How A.I.M Company Member and Choreographer Keerati Jinakunwiphat Uses Self-Reflection When Creating

August 16, 2023

Keerati Jinakunwiphat balanced dance training with figure skating and gymnastics during her childhood in Chicago. As a BFA student at SUNY Purchase, she met two influential mentors. “I never thought of choreographing until I was introduced to composition class in college with Doug Varone,” recalls Jinakunwiphat, who became the first Asian American woman commissioned by New York City Ballet to create a new work in the company’s 75-year history last winter. “Doug has this approach of going with your instincts, which makes choreographing really playful, and he taught me that there was so much inside of my head and my body already.” Purchase also introduced Jinakunwiphat to Kyle Abraham, whose company she joined shortly after graduating in 2016. In 2019, she choreographed Big Rings, her first piece for A.I.M by Kyle Abraham. “I’m really grateful for him and for the A.I.M staff and dancers,” she says. “I’m one of those people who loves the work, so I’m used to being busy and traveling. But spending time by myself and reflecting is important because it helps me to study my art and emphasize intentionality and clarity.”

a woman wearing a white track suit with black stripes smiling at the camera
Keerati Jinakunwiphat. Photo by Quinn Wharton.

Why Choreographing Appeals to Her:

“I’m generally a dance nerd when it comes to learning new techniques, but I love working my mind in that way of observing and seeing things and finding ways to speak about dance and share.”

From Assisting Kyle Abraham at NYCB to Creating Her Own Piece:

“Kyle is someone who really looks out for me as a dancer, choreographer, friend, artist—all things. That experience assisting Kyle on The Runaway was really cool because it was such a new world for Kyle at the time too. I met a lot of cool people, and I also got to see what that institution and the ballet world was like on the inside.”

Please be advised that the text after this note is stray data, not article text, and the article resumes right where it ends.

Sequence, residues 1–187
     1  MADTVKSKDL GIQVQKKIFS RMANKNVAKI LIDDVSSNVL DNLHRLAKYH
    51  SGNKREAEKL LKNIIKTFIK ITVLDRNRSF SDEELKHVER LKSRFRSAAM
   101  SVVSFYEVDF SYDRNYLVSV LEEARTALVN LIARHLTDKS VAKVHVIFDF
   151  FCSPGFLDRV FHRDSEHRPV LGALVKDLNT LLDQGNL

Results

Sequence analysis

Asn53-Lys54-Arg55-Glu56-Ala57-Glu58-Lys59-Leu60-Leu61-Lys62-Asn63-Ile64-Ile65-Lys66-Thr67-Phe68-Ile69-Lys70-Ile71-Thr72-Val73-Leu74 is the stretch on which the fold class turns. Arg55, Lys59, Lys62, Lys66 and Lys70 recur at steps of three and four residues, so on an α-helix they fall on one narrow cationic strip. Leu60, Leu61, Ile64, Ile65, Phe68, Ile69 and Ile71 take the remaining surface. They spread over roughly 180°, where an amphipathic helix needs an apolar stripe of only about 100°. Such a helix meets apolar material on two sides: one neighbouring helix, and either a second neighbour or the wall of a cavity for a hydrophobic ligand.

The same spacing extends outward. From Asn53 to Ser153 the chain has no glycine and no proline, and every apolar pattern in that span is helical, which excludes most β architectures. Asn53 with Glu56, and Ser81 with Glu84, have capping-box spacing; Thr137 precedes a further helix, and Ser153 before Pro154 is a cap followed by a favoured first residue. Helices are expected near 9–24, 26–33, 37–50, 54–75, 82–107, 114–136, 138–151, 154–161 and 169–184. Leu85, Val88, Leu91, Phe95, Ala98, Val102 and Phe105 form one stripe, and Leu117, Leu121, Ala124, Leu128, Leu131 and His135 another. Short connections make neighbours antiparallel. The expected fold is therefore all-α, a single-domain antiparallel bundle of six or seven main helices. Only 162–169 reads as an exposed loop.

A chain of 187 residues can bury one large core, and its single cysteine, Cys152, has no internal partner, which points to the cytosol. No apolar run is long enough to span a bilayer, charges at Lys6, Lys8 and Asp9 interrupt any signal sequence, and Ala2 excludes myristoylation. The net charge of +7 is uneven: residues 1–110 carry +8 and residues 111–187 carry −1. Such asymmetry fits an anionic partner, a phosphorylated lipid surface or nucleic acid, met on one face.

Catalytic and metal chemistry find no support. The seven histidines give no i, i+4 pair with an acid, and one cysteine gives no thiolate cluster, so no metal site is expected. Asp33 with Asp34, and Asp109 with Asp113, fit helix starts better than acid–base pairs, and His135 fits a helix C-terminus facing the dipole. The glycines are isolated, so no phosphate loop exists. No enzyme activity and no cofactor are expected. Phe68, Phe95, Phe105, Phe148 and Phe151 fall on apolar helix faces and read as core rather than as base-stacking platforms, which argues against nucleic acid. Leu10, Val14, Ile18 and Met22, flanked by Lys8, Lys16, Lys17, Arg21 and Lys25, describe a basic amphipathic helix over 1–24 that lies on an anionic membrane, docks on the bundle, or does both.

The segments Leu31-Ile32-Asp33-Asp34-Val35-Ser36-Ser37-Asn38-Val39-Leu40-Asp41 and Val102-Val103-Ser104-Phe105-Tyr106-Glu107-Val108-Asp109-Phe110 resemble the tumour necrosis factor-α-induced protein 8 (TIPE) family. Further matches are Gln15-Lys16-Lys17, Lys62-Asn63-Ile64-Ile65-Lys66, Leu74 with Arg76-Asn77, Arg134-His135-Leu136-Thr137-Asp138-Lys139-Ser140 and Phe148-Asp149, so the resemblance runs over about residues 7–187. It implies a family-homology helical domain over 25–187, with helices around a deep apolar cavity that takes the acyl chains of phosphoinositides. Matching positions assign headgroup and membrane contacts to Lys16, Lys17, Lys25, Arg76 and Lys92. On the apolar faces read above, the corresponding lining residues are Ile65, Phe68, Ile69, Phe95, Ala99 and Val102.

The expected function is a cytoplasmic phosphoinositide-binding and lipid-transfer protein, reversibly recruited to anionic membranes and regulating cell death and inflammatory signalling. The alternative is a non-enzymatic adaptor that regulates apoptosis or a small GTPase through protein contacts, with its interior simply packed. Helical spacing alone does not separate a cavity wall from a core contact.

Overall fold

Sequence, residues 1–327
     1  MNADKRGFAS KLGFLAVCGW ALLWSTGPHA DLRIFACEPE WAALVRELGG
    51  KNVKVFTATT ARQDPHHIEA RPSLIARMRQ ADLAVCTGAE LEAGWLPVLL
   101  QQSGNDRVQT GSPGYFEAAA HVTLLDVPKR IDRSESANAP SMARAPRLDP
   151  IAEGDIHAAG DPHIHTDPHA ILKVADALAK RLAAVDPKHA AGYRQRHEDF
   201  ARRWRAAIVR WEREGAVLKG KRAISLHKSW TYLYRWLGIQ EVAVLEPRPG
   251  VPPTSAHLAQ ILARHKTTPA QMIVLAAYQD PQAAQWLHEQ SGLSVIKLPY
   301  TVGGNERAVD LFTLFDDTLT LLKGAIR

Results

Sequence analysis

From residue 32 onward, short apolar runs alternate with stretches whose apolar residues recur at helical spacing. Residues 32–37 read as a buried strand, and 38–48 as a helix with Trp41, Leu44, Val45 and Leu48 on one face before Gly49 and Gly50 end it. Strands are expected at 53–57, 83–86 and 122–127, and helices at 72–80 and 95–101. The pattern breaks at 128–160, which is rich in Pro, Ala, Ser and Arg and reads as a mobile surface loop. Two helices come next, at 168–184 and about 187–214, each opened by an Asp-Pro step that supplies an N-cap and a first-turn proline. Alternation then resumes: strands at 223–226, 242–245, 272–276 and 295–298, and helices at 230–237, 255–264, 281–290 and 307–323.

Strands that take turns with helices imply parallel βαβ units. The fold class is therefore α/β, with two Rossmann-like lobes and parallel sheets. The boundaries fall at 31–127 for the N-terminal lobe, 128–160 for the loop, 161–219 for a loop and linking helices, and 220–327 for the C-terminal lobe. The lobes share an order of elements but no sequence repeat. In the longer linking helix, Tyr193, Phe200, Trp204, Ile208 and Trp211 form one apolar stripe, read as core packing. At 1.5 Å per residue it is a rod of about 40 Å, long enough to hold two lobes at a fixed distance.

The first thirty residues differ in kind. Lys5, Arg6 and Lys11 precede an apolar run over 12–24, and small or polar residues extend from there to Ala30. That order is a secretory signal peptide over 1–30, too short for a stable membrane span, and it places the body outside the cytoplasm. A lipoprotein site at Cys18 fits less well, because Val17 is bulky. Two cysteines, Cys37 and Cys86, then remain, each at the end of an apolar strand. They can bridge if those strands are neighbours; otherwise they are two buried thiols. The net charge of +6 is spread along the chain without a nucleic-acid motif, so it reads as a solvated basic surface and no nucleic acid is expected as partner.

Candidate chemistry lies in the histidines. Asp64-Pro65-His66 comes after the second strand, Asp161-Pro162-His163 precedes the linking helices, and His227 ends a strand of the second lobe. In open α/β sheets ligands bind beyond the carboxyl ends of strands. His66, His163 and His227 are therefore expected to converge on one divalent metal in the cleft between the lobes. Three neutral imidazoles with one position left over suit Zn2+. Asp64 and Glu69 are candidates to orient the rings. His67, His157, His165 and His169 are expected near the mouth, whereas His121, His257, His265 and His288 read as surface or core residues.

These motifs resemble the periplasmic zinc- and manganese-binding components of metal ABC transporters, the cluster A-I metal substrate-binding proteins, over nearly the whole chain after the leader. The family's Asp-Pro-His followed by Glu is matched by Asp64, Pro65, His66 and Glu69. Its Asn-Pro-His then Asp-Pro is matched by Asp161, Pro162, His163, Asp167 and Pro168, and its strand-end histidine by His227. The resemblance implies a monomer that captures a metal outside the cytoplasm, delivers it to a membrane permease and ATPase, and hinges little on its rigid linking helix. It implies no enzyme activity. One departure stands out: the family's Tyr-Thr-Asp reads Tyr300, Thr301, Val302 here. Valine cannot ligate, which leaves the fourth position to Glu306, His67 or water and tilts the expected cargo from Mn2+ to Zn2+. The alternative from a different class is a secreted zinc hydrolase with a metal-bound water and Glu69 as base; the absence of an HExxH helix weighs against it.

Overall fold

Making History With Fortuitous Ash:

“Making a piece on New York City Ballet is still pretty surreal. I absolutely felt the pressure, but I tried to remember that if I wasn’t ready, I wouldn’t be here—pressure creates diamonds, they say.”

How Her Thai Heritage Influences Her Work:

“I like to live and present loudly and proudly of who I am, which is many things. Sometimes my work might not seem so blatantly ‘Asian’ to some people, but to me, it always is because it’s just who I am.”

Her Pre-Performance Routine:

“I keep it chill. Sometimes I like to have a warm glass of tea, and then it’s whatever I feel like will get me to that point of being grounded and calm.”

How Music Inspires Her:

“I love my music, and I usually create playlists that relate to certain times in my life or just how I’m feeling on certain days. If I’m more low-energy or it’s like a sleepy morning, I’ll play something like Lauryn Hill’s MTV Unplugged album. Or, I love Tierra Whack’s ‘Whack World Instrumentals’ as background music if I’m reading.”

When She’s Not Dancing:

“I love spending quality time with loved ones and eating good food. I like taking in the sun and going for walks, or even just running my errands. Then I binge-watch my shows like everyone else. Right after The Joyce season, I binge-watched ‘Beef’ on Netflix, which was great, and I caught up on some ‘Barry’ and ‘Succession’ on HBO.”